Age of Sigmar is a tabletop war-game set in a fantasy world created by Games Workshop (GW). The game involves miniatures to represent warriors and monsters, with dices rolls used to represent the fray of battle as two or more players strive to defeat their opponents.
Warhammer Fantasy Battles (WFB) was the precursor to Age of Sigmar, and its development into the newer game was fraught with poor decision making and knee jerk reactions, with an unhealthy dose of corporate foolery.
I was a long time fan of Warhammer in its earlier and middle life. It was something I grew up with. Its strong sense of fantasy and rich lore was inspiring to a young boy, teenager and adult. As a nerd, it was a binding force among friends that ran alongside games like Dungeons & Dragons. It was a large part of our youth.
I took time out from Warhammer and GW they fell out of favour with me for many reasons. So when I heard about the new Age of Sigmar I was hopeful for a balanced and fun game. I felt let down and the following history tale feels like a terrible loss to something I held very dearly.
But I’m giving GW a second chance, and I’ll explain why later.
First, some history…
The Lore Unflinching
Since its inception in 1983, Warhammer Fantasy Battle has been rich in its setting, abundant history and legends combined with inspiring artwork and grandiose tales. It was for the most part, a thing of beauty, the likes of which no other company had managed to create. WFB ran until 2010, with 27 years of added legends and story, enriching its own lore within each incarnation, eventually ploughing itself into an 8th and final edition.
However, a common complaint is that the story of the world never really advanced. Most of the rich storytelling, the history of the world, had already taken place. Global political and natural events had already shaped the world, from the war between Elves and Dwarves to the cataclysms that shaped the geography. With the exception of the incursions forces of Chaos (the ultimate big bad guys of the setting) very little else changed, and for 27 years humanity and its allies stood on the brink of extermination and extinction… yet was never quite defeated or victorious.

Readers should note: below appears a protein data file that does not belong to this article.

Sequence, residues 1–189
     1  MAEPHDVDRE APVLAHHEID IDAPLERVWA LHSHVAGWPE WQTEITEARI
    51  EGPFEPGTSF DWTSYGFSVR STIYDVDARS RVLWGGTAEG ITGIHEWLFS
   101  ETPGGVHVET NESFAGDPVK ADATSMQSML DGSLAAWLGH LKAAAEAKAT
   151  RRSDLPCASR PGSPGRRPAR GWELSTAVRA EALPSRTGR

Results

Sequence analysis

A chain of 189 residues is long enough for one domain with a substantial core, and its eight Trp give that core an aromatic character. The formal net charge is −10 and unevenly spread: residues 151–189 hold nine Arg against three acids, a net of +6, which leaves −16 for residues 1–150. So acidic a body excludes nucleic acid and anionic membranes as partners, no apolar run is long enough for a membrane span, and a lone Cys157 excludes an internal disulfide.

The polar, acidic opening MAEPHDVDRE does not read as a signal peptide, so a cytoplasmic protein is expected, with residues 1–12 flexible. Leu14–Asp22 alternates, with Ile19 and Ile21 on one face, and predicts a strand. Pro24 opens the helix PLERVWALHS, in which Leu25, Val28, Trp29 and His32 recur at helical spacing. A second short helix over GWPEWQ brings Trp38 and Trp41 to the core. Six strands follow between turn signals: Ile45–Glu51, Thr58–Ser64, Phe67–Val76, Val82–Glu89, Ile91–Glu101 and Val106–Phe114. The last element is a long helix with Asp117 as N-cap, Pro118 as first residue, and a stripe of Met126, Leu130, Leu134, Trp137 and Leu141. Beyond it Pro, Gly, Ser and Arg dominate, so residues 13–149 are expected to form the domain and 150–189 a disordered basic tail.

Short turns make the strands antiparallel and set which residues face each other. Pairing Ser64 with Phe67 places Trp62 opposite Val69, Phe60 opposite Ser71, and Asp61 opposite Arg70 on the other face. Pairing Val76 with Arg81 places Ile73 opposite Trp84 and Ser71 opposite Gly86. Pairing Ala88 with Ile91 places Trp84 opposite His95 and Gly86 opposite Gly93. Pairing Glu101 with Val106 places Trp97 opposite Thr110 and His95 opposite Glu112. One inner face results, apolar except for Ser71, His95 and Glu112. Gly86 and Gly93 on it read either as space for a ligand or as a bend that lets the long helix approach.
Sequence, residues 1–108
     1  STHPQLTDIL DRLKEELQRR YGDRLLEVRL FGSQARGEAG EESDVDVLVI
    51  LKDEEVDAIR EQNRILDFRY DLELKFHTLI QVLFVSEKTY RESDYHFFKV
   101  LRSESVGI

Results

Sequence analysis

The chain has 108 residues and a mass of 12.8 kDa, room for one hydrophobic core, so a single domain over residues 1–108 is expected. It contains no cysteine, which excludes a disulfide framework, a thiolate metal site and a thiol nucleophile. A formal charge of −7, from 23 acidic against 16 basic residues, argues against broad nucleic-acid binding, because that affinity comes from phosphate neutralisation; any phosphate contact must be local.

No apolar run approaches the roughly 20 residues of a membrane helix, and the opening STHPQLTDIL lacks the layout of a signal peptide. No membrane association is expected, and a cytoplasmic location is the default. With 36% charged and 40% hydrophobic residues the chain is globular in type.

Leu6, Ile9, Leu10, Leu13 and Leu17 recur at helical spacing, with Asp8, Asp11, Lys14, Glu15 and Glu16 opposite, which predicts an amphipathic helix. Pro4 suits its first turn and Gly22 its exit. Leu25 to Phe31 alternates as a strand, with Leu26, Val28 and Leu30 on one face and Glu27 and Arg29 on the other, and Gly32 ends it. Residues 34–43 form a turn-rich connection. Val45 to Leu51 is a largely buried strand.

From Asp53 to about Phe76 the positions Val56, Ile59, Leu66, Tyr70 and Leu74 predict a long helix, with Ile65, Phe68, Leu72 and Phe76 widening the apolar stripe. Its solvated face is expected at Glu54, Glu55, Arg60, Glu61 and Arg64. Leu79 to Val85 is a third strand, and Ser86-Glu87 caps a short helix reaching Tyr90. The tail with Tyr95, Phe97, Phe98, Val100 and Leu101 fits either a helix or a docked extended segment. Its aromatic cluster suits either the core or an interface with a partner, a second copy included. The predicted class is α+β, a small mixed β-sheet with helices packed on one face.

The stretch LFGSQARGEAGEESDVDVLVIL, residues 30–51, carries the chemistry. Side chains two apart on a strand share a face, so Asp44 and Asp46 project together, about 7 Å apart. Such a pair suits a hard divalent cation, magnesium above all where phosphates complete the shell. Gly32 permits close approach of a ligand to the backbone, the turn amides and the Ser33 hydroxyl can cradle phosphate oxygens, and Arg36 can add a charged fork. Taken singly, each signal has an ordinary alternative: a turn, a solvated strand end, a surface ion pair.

Arguably there’s a difference between the campaign world and the larger written fiction world: Despite gaps in the world, the GW development team failed to seize and advanced certain narrative arcs or historical campaigns, such as the War of the Beard, pitching Elves and Dwarves into a war that lasted years, creating offshoots of each nation / faction. Despite having untapped regions on the world map, it seemed that GW prematurely ran out of geographical room, never actually filling out all the regions in detail. The missed opportunities were vast.
A Lore Uncopyrighted
WFB was expanded in the 80’s and as such borrowed much of its history and cultural ideas from Lord of the Rings which saw a rise in popularity and profile during that decade. Warhammer was generally considered a variant of many different stories and world settings at a time when copyrighting the name of a species wasn’t ever considered.
This borrowing of cultures and ideas meant that other, smaller companies were able to borrow in turn from GW. Being a large and successful company, GW didn’t like that idea. The prime example of this is the novel “Spots the Space Marine” which GW wanted removed for copyright reasons. Owning ‘Space Marine’ for themselves was apparently critical to their business model.
When you considered how much GW borrowed from other media, you realise that much of their content was not their own. Copyrighting that content and cornering the market to their benefit was not possible with the old WFB lore. They would have to change everything… which Age of Sigmar does; the heart warming Elves, Dwarves, Goblins and Orcs were replaced with Aelves, Duardin, Grots and Orruk. It’s also hard to copyright historical figures and names, looking at you Bretonnian players!
Compounding the Fractures
For new players, starting a game of Warhammer can be costly, with players investing their time and precious money into buying miniatures, paints, brushes, terrain boards and books to create their armies. If you just look at the price of the miniatures, you can spend hundreds of your precious monies before you’ve assembled anything. So when a game loses its appeal to old gamers, and new gamers can’t afford to start playing, sales begin drop and any company is likely to worry. But GW didn’t seem to learn with each new edition of WFB…
The 6th Edition of WFB was considered ‘alright’ in its early days for game balance. It still had its problems, much like any game. Unfortunately it was the start of the fall, where the final few Army Books published showed an increase in the power creep (where successive armies would be significantly tougher and cheaper to purchase in-game). Matching armies to play a fair game was harder and players started to emulate the winners creating a stale gaming style. Spending hundreds of pounds on an impressive army didn’t guarantee a satisfactory win/lose ratio.
7th Edition compounded on 6th edition and was the point in time when the famous (probably misquote) “We’re a miniature company not a games company” by the CEO of that time, Kirby. This was considered the primary unbalanced version of the game. This was also the time of the GW store changes, where a single member of staff was expected to run the store. This lead to an end of local store tournaments and a reliance on local independent gaming stores to do the hard work, which they were not prepared to do.